Tag: early Christian satanology

Jesus’ temptation in the wilderness

This entry is part 7 of 7 in the series Satan & demons: Thomas Farrar's commentaryIn response to an eight part study I wrote on Christ’s temptation in the wilderness, Tom Farrar has written a four part response to just one of my arguments. I address all four parts of his response in this article. Part one: midrash & historical […] 

Satanological terminology in the Synoptics: the devil

This entry is part 4 of 8 in the series The Yetzer in the Wilderness: Jesus and the Evil InclinationThe term ‘the devil’ (ho diabolos), is virtually never used in pre-Christian Second Temple literature outside the Old Greek texts of the Hebrew Scriptures. In the Old Greek texts1 it is found in in 1 Chronicles 21:1 (of the adversary which attacks […] 

Satanological terminology in the Synoptics: summary

This entry is part 7 of 8 in the series The Yetzer in the Wilderness: Jesus and the Evil InclinationThe following list summarizes the lexical evidence for the Synoptics’ satanological terminology in Second Temple pre-Christian texts. 1. The term ‘satan’ (satanas in Greek), is used in Sirach 21:27 of the evil inclination. It is also used in 1 Enoch (41:9; […] 

Satanological terminology in the Synoptics: the evil one

This entry is part 5 of 8 in the series The Yetzer in the Wilderness: Jesus and the Evil InclinationThe term ‘the evil one’ (ton ponērou), has no Second Temple pre-Christian witness as a reference to a supernatural evil being. It is found in one fifteenth century Ethiopian manuscript of 1 Enoch (manuscript A, 1 Enoch 69:15), but not the […] 

Dualism in the Synoptics

This entry is part 8 of 8 in the series The Yetzer in the Wilderness: Jesus and the Evil InclinationThe paucity of pre-Christian witness to the satanological terminology in the Synoptic temptation accounts, together with the absence from the Synoptics of established Second Temple terms for supernatural Satan figures (Satanael, Mastema, Belial, Shemihazah, Azâzêl, etc), gives reason to doubt the […]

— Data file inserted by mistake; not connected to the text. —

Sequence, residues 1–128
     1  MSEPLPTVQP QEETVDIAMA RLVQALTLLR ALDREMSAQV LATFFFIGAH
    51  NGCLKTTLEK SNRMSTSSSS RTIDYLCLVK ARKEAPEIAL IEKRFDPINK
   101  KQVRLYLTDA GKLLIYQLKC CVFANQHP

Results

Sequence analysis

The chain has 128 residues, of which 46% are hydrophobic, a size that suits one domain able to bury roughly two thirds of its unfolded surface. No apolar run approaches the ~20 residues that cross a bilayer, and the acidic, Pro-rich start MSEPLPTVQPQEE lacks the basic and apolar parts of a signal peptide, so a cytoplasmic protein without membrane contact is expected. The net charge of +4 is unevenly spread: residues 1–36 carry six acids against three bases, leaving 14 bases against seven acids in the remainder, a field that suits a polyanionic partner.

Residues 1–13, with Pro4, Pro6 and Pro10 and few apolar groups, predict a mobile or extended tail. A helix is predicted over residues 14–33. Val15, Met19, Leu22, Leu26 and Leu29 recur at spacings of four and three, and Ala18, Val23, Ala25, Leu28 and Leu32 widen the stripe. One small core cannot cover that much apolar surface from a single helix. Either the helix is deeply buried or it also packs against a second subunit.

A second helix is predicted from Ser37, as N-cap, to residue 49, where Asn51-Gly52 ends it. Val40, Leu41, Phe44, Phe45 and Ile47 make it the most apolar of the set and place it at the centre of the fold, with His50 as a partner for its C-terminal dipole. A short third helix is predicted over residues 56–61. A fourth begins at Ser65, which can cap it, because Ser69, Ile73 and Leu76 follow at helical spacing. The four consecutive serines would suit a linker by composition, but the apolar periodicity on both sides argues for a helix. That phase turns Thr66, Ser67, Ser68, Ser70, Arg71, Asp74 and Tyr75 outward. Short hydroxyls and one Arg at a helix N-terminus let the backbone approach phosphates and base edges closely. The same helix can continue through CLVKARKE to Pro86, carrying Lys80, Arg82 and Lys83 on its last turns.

Satanological terminology in the Synoptics: the tempter

This entry is part 6 of 8 in the series The Yetzer in the Wilderness: Jesus and the Evil InclinationThe term ‘the tempter’ (ho peirazwn), has no pre-Christian witness in the intertestamental or Qumran literature at all. The term appears in History of the Rechabites 2:9;1 4:1-2,2 but only in the Greek text belonging to the Christian era; it is absent from […] 

Satanological terminology in the Synoptics: Satan

This entry is part 3 of 8 in the series The Yetzer in the Wilderness: Jesus and the Evil InclinationThree terms are used to describe Christ’s adversary in the Synoptic temptation accounts; ‘satan’ (ho satanas in Mark 1:12, with the vocative satana without the definite article only in Matthew 4:10), ‘the tempter’ (ho peirazwn, only in Matthew 4:3), and ‘the devil’ (ho diabolos). […] 

Identifying the adversary

This entry is part 2 of 8 in the series The Yetzer in the Wilderness: Jesus and the Evil InclinationMatthew and Luke’s temptation accounts both consistently refer to Jesus’ adversary as ‘the devil’, whereas Mark’s account only refers to Jesus’ adversary once, as ‘Satan’ (Mark 1:13). In addition, Matthew refers once to ‘the tempter’ (Matthew 4:3), and has Jesus address […] 

Literary genre of the wilderness temptation

This entry is part 1 of 8 in the series The Yetzer in the Wilderness: Jesus and the Evil InclinationDespite its superficial appearance as a simple historical record, the Synoptic account of Jesus’ temptation in the wilderness1 has often been interpreted as symbolic or parabolic of Jesus’ experiences, since the early Christian era.2 The popularity of this interpretation waxed and waned […] 

Satanology of the Apostolic Fathers: 2 Clement

This entry is part 11 of 14 in the series Then the Devil Left: Satan’s lack of presence in the Apostolic FathersTraditionally listed in the Apostolic Fathers, 2 Clement is now recognized as a pseudepigraphal work of the mid-second century at earliest. There is one use of diabolos in 2 Clement. 2 Clement 18: 2 For I myself am utterly […]